GOP congressmen: Halt offshore wind, probe whale deaths
WILDWOOD, N.J. - Republican congressmen called Thursday for a halt to all offshore wind power projects amid a spate of whale deaths on the U.S. East Coast in what was likely the beginning of an expected investigation by the GOP-controlled House into the Biden administration's clean energy plans.
Reps. Jeff Van Drew and Christopher Smith, of New Jersey; Andy Harris, of Maryland; and Scott Perry, of Pennsylvania, held a hearing on the boardwalk in Wildwood near where New Jersey has authorized three offshore wind farms, with more to come.
The hearing came as 29 whales have died on the East Coast since Dec. 1.
Opponents of offshore wind, elected officials — most of them Republicans — and several community groups say they believe that preparatory work on the ocean floor has been responsible for the whale deaths, even though three federal and one state agency say there is no evidence that the two are related.
Van Drew said that because President Joe Biden, New Jersey Gov. Phil Murphy and offshore wind companies "refuse to share the facts with Americans, Congress must do its job."
Smith, who represents parts of the Jersey Shore, was among those calling for a pause on wind farm preparation until the U.S. Government Accountability Office can investigate the "sufficiency of the environmental review processes for offshore wind projects."
"They all say there's no evidence," Smith said. "You're not even looking!"
Harris used the theoretical example of a dog spooked by fireworks that runs into a creek and drowns. A veterinarian would say the dog's cause of death was drowning. But Harris said the true cause of death would be the noise that prompted it to run into the creek.
And Perry said, "I get that the administration wants to rush this forward. But this is our country, and we're in charge here. Look: The lights are on right now, without these turbines out in the ocean."
Lauren Gaches, a spokesperson for the National Oceanic and Atmospheric Administration, said there is no evidence "to support speculation" that noise resulting from offshore wind site work is killing whales, adding the agency will continue to study the matter.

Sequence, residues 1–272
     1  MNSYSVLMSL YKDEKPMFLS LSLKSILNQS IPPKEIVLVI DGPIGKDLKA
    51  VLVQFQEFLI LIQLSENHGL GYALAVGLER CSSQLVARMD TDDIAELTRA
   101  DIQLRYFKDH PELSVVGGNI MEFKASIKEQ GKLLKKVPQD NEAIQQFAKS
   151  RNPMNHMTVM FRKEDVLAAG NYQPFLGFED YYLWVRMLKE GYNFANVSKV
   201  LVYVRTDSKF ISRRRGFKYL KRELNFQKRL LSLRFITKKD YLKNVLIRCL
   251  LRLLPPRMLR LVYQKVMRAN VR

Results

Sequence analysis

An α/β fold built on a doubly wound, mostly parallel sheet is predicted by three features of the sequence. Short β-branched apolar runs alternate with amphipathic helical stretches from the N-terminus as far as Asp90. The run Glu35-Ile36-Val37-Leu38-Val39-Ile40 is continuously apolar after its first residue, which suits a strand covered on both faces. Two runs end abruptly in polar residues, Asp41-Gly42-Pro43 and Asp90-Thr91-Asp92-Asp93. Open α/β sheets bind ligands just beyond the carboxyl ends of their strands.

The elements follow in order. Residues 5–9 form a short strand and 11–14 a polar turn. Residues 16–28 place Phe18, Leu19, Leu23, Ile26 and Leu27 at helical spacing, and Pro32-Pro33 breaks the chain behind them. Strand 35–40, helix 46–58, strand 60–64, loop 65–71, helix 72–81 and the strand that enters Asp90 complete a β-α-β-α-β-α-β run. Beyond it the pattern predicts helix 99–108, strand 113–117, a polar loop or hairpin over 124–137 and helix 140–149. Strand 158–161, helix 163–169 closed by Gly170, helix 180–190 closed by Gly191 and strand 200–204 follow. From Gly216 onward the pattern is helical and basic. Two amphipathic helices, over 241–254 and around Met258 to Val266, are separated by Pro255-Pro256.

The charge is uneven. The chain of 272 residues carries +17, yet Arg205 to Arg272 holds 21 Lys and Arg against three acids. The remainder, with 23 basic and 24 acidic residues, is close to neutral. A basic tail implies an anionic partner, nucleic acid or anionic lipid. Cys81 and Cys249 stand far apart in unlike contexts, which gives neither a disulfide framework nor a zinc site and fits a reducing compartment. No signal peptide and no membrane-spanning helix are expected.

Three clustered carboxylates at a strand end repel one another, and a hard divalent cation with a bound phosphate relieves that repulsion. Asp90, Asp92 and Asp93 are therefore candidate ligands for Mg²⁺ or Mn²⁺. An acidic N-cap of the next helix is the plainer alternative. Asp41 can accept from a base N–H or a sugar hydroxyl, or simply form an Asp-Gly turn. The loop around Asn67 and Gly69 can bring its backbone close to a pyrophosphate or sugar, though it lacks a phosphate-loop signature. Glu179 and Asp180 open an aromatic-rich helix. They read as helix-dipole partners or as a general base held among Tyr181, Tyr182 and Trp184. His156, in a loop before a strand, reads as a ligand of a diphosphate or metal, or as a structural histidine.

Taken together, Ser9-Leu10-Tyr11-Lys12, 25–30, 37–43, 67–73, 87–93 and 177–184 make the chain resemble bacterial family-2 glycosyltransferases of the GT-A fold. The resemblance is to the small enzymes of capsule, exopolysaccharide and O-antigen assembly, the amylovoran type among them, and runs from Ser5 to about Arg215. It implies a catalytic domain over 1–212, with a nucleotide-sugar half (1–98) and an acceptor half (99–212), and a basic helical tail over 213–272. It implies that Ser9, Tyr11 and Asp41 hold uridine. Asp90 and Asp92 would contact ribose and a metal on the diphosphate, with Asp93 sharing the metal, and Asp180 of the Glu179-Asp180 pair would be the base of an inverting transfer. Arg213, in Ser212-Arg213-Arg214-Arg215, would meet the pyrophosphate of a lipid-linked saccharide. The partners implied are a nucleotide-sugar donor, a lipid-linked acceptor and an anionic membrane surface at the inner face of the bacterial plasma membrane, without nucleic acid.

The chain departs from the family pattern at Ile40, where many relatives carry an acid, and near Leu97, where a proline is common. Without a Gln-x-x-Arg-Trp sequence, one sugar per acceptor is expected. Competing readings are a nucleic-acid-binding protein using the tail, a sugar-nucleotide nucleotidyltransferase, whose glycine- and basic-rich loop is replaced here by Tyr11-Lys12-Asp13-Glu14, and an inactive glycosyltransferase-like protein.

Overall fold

About half of the 29 recorded dead whales were determined to have been struck by ships or entangled in fishing gear, Gaches' agency said.
Environmental and pro-wind groups who were not invited to testify at the hearing issued statements supporting offshore wind and decrying falsehoods that Jason Grumet, CEO of the American Clean Power Association, said are being spread by "long-time opponents to offshore wind and irresponsible news outlets who have blamed these deaths on the offshore wind industry without any evidence."
"Disinformation shouldn’t dictate policy," he said. "The evidence is clear: There’s no link between offshore wind and recent tragic whale strandings."
Most established environmental groups in New Jersey support offshore wind and say climate change spurred by the continued burning of fossil fuels is the real threat to whales and other marine life.
"Unlike what Van Drew and others would like you to believe, clean, renewable energy — like wind power in New Jersey — offers an unmissable opportunity to end our dependence on polluters for power," said Anjuli Ramos-Busot, New Jersey director of the Sierra Club. "Our dependence on fossil fuels for power, not renewables, put wildlife and coastal communities at risk."
The New Jersey Department of Environmental Protection joined this week the growing list of government agencies that have found no link between offshore wind preparation and whale deaths.
"Facts matter, and based on them, there is no reason to conclude that recent whale mortality in New Jersey is attributable to offshore wind-related activities," said Shawn LaTourette, the state environmental protection commissioner.
Van Drew cited a recent letter from a Bureau of Ocean Energy Management scientist to the agency warning of dangers to whales from offshore wind.
"This is their own scientist warning BOEM that offshore wind will severely impact the whales, yet they moved ahead and completely ignored the few people in their group who would tell the truth," VanDrew said.
Gaches, the National Oceanic and Atmospheric Administration spokesperson, said her agency and the Bureau of Ocean Energy Management "recognize this development must be undertaken responsibly."